Data Collection Process

A literature review and where appropriate interviews with others who have trialled such approaches to teacher development will be the process used in Stage 1.

Data collected from the focus group discussion will be a mixture of written and verbal responses which will be reviewed, analyzed and summarized.

Data Analysis

Qualitative analysis of data involves the non-numerical organisation of data in order to discover patterns, themes, forms and qualities found in field notes, interviews, transcripts, open-ended questionnaires, diaries, case studies, etc (Labuschagne, 2003).

Literature review: The data from the literature review will be summarized and used to inform the focus group discussions.

Focus group discussion: Focus group data has long been recognized as a product of both the agenda and presentation of the 'facilitator' and the interaction with and between other members of the group (Merton & Kendall, 1956, cited in Parker & Tritter, 2006). Some writers have argued that researchers should pay particular attention to the more 'sensitive moments' in focus group interation ( Kitzinger & Farquhar, 1999, cited in Parker & Trirrer, 2006), whilst others have suggested that a content analysis approach is most appropriate when considering forus group data, acknowledging that this must take into account the nature and the context of the group itself (Parker & Tritter, 2006).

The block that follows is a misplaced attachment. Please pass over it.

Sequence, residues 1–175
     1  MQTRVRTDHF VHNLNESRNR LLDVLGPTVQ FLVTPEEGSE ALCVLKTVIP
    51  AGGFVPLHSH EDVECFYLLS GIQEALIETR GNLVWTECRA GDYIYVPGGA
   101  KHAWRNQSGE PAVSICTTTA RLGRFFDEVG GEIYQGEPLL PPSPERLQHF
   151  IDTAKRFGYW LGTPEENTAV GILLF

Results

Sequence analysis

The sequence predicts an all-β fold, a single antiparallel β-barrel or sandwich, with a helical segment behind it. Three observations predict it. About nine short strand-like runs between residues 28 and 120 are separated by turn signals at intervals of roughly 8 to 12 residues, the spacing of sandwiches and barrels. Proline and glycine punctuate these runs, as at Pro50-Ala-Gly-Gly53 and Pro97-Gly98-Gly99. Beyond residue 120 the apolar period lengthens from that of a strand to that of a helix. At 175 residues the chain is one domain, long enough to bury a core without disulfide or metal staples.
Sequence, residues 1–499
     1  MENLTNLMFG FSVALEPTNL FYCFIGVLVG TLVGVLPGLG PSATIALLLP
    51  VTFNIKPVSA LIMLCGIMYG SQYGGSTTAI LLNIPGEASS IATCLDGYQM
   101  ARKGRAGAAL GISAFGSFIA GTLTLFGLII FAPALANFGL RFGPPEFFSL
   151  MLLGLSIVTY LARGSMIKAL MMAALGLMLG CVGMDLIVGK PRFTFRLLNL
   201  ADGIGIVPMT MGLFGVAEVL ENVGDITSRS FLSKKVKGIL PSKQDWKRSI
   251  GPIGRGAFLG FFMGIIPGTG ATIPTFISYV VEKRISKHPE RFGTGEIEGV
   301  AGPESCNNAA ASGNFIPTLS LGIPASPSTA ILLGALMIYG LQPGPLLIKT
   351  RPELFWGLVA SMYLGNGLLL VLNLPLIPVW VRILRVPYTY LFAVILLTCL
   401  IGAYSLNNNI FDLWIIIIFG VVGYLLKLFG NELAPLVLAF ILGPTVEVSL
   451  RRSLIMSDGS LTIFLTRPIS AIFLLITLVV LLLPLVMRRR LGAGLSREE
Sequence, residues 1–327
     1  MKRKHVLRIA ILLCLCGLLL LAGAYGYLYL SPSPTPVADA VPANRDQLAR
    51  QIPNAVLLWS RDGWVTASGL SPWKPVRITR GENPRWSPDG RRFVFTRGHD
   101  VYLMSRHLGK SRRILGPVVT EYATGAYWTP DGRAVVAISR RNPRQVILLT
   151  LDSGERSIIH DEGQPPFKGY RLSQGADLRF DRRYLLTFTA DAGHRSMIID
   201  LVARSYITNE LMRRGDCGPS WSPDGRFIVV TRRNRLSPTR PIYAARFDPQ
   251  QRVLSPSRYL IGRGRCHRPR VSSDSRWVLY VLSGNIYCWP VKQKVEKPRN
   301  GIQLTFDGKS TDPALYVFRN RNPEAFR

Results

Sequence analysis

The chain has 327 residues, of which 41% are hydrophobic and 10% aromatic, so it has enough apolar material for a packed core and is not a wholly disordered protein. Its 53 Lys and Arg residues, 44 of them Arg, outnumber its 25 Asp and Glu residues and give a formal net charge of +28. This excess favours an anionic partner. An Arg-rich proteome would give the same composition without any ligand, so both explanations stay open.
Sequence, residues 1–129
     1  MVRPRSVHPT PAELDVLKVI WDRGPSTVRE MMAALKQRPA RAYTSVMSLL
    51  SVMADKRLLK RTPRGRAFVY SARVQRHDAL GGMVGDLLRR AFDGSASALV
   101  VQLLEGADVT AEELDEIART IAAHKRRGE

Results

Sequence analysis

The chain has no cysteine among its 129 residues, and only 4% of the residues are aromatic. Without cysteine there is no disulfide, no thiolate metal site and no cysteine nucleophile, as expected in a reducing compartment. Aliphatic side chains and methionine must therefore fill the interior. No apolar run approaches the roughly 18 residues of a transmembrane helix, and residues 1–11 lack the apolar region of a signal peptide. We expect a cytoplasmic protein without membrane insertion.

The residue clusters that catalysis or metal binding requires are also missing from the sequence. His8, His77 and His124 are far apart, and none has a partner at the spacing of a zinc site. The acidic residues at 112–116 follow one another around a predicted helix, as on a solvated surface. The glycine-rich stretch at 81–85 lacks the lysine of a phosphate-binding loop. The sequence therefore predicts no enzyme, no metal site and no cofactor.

The data from this focus group discussions will be collected through digital voice recording, and note taking. The interview data will be analyzed and categorized by reporting the majority and minority of participants' viewpoints.

Limitations and Delimitations

The following section will describe the strengths and weakness of the methods I am using are 1. Literature survey; 2. Focus group discussion and 3. Using key stakeholders.

Literature survey: The literature review serves many purpose of the research. It serves to validate the eventual findings in a narrowly descriptive study. It also guides the development of explanations during data collection and analysis in studies that seek to explain, evaluate, and suggest linkage between events. In grounded-theory development, the literature review provides theoretical constructs, categories, and their properties that can be used to organize the data and discover new connections between theory and real-world phenomena (Marshall & B. Rossman, 1999). Within my tentative study, literature review is an effective method that will be able to identify countries who have adopted video cases as part of their pre-service/in-service teacher develop. Limited internet access and limited access to appropriate resources describing international programs are two possible limitations to this approach.